RAILROAD DEPOTS OF NORTHEAST OHIO IMAGES OF RAIL

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Railroad Depots Of Northeast Ohio

Author : Mark J. Camp
ISBN : 0738551155
Genre : History
File Size : 67.94 MB
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The first rail lines in northeast Ohio opened for business in July 1850, and by the 1890s, northeast Ohio was laced with railroad tracks. Cleveland was the hub of railroad activity, and important rail-served lake ports developed at Ashtabula, Conneaut, Fairport Harbor, Huron, and Lorain. Akron became a center of southerly east-west lines. Over 310 passenger and combination depots were established at various points along the railroads to serve the needs of passengers traveling throughout northeast Ohio. Depots were the focal point of communities--news arrived over their telegraphs, traveling salesmen gathered on the trackside platforms, depot staff maneuvered four-wheel wagons loaded with baggage, parcels, and milk cans, locals gathered to meet, greet, and send off family and friends. The depot was a veritable beehive of activity at train time. Railroad Depots of Northeast Ohio offers a glimpse into these golden years of train travel through the use of early postcards and photographs of selected depots and related structures.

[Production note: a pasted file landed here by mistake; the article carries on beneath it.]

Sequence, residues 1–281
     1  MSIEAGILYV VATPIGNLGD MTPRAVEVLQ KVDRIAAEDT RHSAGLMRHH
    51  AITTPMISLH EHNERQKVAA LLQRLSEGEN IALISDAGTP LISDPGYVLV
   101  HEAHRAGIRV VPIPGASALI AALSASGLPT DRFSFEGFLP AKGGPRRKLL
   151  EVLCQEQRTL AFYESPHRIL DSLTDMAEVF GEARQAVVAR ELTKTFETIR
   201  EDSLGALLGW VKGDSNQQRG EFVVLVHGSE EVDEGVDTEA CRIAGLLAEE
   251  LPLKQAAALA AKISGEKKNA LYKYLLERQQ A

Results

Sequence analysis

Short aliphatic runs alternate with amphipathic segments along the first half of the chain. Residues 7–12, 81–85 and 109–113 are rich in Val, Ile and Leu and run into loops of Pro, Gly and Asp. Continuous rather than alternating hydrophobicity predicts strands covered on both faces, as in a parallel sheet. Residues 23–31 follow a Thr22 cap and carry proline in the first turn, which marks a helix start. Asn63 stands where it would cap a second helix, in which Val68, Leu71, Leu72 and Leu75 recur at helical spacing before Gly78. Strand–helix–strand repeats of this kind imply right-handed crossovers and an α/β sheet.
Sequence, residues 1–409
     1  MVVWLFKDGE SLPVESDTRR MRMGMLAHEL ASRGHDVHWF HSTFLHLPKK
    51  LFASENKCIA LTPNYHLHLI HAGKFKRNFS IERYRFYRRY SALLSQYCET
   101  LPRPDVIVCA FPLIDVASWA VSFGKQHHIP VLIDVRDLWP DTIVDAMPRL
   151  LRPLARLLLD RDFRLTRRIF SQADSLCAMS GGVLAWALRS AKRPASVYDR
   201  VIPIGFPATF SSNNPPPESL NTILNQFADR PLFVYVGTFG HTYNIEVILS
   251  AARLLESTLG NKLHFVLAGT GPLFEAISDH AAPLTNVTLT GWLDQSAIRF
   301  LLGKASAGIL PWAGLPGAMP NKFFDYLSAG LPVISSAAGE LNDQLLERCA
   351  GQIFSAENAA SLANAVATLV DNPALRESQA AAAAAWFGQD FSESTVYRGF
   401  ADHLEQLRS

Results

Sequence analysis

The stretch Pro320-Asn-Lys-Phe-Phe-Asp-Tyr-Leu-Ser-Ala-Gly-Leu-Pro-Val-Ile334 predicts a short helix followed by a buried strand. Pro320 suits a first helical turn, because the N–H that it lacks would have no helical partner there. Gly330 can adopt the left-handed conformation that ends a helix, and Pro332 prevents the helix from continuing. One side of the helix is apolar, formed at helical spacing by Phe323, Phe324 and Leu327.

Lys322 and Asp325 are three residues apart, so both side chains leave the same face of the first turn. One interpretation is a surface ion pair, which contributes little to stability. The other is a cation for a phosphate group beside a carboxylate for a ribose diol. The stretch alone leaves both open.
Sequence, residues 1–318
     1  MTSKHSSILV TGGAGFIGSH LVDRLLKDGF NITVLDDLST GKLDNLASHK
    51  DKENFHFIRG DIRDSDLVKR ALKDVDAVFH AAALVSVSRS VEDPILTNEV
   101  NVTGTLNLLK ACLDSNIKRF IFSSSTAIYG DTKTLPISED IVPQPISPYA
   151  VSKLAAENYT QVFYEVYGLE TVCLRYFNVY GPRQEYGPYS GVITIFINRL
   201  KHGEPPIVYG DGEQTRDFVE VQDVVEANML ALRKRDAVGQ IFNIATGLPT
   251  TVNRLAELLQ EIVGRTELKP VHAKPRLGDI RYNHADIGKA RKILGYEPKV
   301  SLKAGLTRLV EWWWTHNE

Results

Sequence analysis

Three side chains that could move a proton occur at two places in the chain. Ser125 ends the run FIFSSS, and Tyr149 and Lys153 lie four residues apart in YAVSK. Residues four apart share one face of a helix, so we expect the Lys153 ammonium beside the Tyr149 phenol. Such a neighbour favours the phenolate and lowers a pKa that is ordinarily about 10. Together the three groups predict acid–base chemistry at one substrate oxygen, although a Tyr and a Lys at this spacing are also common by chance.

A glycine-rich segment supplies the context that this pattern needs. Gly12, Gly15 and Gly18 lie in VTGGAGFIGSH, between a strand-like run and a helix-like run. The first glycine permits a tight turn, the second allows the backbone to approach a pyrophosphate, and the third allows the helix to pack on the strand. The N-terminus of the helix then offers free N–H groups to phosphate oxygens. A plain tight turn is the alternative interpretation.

Category: History

Railroad Depots Of Southwest Ohio

Author : Mark J. Camp
ISBN : 0738584150
Genre : History
File Size : 71.98 MB
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Springfield was the original destination of the two oldest railroad companies to lay rails in Ohio, the Mad River and Lake Erie Railroad and the Little Miami Railroad. This would form the first rail link between Lake Erie and the Ohio River. Other routes became more important as rails eventually spread like spokes of a wheel from Cincinnati, and connections were made to Akron, Chicago, Cleveland, Columbus, Dayton, Indianapolis, Lexington, Louisville, Marietta, Pittsburgh, St. Louis, and Toledo as well as many other cities by the late 1800s. Hundreds of depots were erected to serve train travelers, ranging from the smallest shelter to the standard combined passenger-freight building to the major city passenger terminal. Cincinnati, Dayton, and Springfield became railroad centers, and towns like Blanchester, Hamilton, Loveland, Middletown, Morrow, Wilmington, and Xenia, served by more than one line, became busy transfer points. With the decline of rail passenger service, depots became unnecessary--many were demolished. Railroad Depots of Southwest Ohio presents a pictorial look at a sampling of these grand structures when they were in their prime.
Category: History

Railroad Depots Of Central Ohio

Author : Mark J. Camp
ISBN : 0738561746
Genre : History
File Size : 78.76 MB